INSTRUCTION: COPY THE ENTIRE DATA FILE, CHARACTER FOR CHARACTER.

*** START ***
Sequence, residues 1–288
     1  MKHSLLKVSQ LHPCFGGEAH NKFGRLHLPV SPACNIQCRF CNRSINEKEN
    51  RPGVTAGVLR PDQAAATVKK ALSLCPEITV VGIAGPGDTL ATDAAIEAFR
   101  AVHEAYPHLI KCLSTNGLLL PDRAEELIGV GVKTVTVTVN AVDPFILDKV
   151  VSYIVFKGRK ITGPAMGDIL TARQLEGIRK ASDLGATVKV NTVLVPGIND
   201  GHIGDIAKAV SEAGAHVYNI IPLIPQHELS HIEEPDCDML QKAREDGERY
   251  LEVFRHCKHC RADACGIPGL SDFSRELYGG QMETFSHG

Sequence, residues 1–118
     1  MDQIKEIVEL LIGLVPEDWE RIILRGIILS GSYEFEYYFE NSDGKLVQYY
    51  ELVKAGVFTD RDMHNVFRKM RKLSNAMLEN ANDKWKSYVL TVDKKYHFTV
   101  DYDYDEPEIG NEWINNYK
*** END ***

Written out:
Sequence, residues 1–288
     1  MKHSLLKVSQ LHPCFGGEAH NKFGRLHLPV SPACNIQCRF CNRSINEKEN
    51  RPGVTAGVLR PDQAAATVKK ALSLCPEITV VGIAGPGDTL ATDAAIEAFR
   101  AVHEAYPHLI KCLSTNGLLL PDRAEELIGV GVKTVTVTVN AVDPFILDKV
   151  VSYIVFKGRK ITGPAMGDIL TARQLEGIRK ASDLGATVKV NTVLVPGIND
   201  GHIGDIAKAV SEAGAHVYNI IPLIPQHELS HIEEPDCDML QKAREDGERY
   251  LEVFRHCKHC RADACGIPGL SDFSRELYGG QMETFSHG

Sequence, residues 1–118
     1  MDQIKEIVEL LIGLVPEDWE RIILRGIILS GSYEFEYYFE NSDGKLVQYY
    51  ELVKAGVFTD RDMHNVFRKM RKLSNAMLEN ANDKWKSYVL TVDKKYHFTV
   101  DYDYDEPEIG NEWINNYK